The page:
There is so much that has been said about Jerusalem as a city, so much that can be said, but much of this is territorial, claiming the city for one or another.  Asserting rights and entrenching divisions.

Ottolenghi & Tamini's book Jerusalem does the opposite.  Instead it says - lets celebrate our food, something that brings us together on a daily basis, whether it is recognised or not, because the food of Jerusalem is something we share, abet with slightly different methods, or techniques. The principles, the ingredients, the flavours of food, the sense of food and cookery are shared and are worth rejoicing, and sharing with others.

Jerusalem is Tamini & Ottolenghi's cookery language, and their book filled with page upon page of delicious delights, avidly reflects this.  Their united love for their city, flows out of the books pages, and relates its food, to the cultures of the city, with snippets of history thrown in.

Jerusalem is not just a book full of recipes to taste & savour but great writing, filled with intersting snippets and personal back story.  The photography is reportage, often more akin to what we might see from a photojournalist in a newspaper, sitting comfortably beside images of food, that immediately send me running to the kitchen to cook.  

In this whole book I don't think there was one dish that made me think, oh no, I'm not cooking that.  Instead I wanted to try everything, and I ran out of postits just highlighting the dishes I wanted to return to.  There are recipes here for vegans, carnivorves, fish lovers and vegetarians.  No one loses out in this selection of recipes.

The first dish I made from the book was the Roasted Buternut squash and red onion with tahini & za'atar has already become a dinner party staple, served with roasted salt chicken.

Butternut squash was roasted skin on with red onions - I added whole cloves of garlic - then served with a pungent seasame garlicky tahini, chopped parsley and pine nuts.  The combination of the sweetness of the butternut, and the caramelised onions, with the bite from the earthy za'atar all doused ina dry tahini works perfectly.  I added spinach for colour, and the result is not only great tasting, but lovely to look at.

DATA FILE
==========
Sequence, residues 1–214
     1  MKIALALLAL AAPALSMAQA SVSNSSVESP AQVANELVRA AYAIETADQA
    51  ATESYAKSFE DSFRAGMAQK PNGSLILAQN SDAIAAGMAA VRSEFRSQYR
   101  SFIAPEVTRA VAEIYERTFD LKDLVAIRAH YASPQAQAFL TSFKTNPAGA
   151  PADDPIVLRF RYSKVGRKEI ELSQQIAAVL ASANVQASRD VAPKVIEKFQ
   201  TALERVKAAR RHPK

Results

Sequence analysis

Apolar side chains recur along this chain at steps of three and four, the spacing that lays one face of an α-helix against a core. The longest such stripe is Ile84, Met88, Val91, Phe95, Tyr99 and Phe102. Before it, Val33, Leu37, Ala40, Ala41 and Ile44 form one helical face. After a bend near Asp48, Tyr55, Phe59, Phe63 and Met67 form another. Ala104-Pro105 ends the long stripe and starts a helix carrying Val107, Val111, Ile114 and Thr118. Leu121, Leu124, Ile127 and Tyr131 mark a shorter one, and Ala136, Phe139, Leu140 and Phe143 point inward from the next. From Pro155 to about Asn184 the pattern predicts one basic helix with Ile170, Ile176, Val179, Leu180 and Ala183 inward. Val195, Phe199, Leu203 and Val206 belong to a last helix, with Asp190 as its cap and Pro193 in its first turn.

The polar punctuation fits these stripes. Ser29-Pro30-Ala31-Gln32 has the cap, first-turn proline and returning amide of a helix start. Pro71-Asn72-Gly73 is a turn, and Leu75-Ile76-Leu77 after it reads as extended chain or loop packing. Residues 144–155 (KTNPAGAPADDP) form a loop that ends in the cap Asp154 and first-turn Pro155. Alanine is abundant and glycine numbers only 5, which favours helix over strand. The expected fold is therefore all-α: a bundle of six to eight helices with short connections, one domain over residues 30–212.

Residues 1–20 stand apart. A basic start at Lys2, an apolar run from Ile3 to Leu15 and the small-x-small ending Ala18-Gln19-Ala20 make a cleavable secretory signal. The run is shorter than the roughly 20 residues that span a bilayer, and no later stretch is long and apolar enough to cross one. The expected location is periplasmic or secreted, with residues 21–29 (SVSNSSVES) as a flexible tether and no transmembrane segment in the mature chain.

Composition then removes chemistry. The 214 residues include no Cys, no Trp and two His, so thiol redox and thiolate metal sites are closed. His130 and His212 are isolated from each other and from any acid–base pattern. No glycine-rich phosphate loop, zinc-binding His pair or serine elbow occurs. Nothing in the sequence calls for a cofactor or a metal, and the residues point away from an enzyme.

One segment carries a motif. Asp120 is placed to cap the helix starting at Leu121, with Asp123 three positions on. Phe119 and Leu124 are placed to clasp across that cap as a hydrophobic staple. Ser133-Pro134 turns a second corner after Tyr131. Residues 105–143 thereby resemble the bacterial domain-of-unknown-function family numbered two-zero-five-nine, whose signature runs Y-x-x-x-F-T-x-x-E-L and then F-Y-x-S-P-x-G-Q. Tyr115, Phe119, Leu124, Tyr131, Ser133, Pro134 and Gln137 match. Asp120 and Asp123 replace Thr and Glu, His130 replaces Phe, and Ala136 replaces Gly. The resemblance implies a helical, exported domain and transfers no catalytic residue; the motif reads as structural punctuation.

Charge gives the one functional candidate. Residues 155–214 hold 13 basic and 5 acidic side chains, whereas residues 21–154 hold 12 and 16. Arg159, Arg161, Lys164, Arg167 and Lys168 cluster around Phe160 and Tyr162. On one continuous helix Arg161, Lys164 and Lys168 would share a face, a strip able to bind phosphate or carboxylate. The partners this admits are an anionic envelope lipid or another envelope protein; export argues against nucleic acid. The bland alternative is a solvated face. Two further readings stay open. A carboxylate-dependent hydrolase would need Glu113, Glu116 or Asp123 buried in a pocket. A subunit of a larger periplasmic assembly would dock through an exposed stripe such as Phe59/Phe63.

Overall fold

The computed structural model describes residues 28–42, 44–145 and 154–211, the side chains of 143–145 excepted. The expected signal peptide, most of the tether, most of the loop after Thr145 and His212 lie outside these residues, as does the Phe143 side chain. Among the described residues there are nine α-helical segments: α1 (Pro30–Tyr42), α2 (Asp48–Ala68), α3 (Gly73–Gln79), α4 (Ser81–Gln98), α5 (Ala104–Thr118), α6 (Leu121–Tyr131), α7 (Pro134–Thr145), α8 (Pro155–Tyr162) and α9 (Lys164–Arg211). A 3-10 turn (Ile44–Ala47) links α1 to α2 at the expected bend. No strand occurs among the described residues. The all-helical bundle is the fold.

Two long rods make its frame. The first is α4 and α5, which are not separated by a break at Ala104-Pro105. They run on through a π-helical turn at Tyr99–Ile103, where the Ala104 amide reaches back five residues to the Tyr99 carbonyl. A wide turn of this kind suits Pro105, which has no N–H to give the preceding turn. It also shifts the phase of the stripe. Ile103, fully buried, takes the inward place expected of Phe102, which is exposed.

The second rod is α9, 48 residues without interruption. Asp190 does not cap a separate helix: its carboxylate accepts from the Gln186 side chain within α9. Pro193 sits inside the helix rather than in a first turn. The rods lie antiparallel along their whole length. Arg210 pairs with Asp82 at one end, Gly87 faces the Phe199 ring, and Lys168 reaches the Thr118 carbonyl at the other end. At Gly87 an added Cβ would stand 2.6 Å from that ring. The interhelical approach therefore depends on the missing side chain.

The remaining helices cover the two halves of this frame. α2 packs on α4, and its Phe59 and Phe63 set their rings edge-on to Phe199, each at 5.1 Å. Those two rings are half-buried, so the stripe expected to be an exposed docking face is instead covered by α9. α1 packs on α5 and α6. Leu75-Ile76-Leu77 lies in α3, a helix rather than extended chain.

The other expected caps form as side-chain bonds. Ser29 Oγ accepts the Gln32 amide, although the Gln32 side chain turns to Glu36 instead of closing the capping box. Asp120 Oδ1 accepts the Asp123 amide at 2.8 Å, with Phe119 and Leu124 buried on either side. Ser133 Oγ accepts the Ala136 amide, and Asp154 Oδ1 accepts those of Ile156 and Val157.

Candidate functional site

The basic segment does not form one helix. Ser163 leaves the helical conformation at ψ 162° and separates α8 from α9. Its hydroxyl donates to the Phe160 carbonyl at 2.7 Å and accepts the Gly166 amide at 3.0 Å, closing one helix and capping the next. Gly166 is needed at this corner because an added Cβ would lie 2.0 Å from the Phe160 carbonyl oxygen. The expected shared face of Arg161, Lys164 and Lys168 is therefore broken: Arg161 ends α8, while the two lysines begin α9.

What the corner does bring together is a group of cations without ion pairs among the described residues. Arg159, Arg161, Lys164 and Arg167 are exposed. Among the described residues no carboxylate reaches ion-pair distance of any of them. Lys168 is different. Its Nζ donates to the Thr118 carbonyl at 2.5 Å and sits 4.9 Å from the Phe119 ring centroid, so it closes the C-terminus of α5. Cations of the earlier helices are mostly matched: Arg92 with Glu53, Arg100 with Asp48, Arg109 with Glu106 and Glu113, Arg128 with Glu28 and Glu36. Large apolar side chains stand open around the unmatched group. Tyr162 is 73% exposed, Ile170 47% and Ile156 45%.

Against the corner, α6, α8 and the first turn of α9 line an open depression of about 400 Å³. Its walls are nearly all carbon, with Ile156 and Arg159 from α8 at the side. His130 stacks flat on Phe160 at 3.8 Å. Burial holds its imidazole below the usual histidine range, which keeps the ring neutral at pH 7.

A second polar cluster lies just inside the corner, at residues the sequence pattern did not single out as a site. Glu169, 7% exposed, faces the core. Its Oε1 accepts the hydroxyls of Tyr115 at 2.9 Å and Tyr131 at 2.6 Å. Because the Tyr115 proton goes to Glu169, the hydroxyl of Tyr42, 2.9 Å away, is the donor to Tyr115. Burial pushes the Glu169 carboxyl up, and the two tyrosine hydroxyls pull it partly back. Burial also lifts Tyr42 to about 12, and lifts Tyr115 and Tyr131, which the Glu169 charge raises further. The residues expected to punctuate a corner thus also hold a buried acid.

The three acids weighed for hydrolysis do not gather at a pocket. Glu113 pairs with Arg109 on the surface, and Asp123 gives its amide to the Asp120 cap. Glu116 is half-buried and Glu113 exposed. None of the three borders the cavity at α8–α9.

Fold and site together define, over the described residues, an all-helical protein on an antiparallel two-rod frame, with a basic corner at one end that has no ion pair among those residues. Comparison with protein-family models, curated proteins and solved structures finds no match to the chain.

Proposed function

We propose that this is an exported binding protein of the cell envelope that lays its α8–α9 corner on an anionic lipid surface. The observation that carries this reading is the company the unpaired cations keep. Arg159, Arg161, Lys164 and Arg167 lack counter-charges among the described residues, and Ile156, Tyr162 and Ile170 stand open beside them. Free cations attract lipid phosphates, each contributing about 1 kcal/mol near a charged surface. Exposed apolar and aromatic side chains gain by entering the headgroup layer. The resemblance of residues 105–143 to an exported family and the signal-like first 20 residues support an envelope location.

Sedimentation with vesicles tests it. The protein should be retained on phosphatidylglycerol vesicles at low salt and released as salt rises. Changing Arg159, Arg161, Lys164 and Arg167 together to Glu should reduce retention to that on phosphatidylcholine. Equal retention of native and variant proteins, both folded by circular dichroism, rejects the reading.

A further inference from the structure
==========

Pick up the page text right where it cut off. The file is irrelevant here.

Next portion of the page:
I have always made a spiced rich pudding, after reading Yotam and Sami's book, I made some additions to my recipe.

I finished this book wishing it had several more hundred pages.

That's it for now...


Salt and Sparkle = Life Remarkable


To Ready Meal or not? - Day 28 - 31 Days of Food

Ready Meals get a bad rap.  

Sometimes deserved, sometimes not.  

It all depends on what is in them, where they are sourced from, and if you trust the source.  

Eating them everyday or relying on them for every meal, is not a good idea if you want to be strong and healthy, or connected with your food.  

Connectedness with food comes from cooking.

But then, there are days like today - 

When I am just to bushwhacked to do anything in the kitchen, in fact, not eating is as good a choice a eating, for me when I feel like this.  As I just don't have the energy to stand up, let alone chop, cook etc.

But I also know when I feel this drained, eating, something good and nourishing is exactly what I need.

As it is food that will feed my body, and and restore my cells.  Denying my body because I haven't the energy to cook is unhealthy.

So at times like this, I look to ready meals.  A purtian part of my psyche barates my choice, stirs guilt, and shame in my food choice, in my inability to cook.  

I shake it away because I know that my choice today, will enable my choice tomorrow to cook.

But what to choose and where to chose a ready meal from?

My answer lies in one of my favourite shops - Marks and Spencer Food Department, because here I know I can chose a dish, that is not only healthy, but that will taste good, and provide me with the nourishment I need. With Marks and Spencer, I feel confident I can rely on how their food is sourced, the research and development that goes into the dishes, and the fact that their food is not filled with needless chemicals.

Tonight I chose a dish from their new Asian Range. The Peanut Chicken, which was served with mangetout, carrot, pak choi, rice noodles, chilli, lime, ginger, garlic and other crunchy veg.  

It was good.  Very good.

The chicken was moist, and it held the layered flavours of the aromatic herbs and spices.  They in turn brought a zingy freshness that tingled on the palate, with some heat that wasn't overpowering but showed a balance of chilli and ginger. The peanuts brought a dry creaminess but didn't overwhelm the other flavours.  

This layering of flavour is difficult to achieve and I feel Marks and Spencer have done it well.  There was a lightness to this dish, that made my tummy happy.  A combination of flavours, that weren't too salty, filled with preservatives, or MSG, the bandit of many a Chinese takeaway - but instead were light, and easy to eat.

To me this dish, that needed little more than three minutes in my wok, was a far better option, than telephoning a takeaway, and it comes in at around 600 calories, compared to a takeaways  average of 2000 calories per person.  This is a dish I know I will buy again, and again, when I have days like today.

That's it for now ...



Salt and Sparkle = Life Remarkable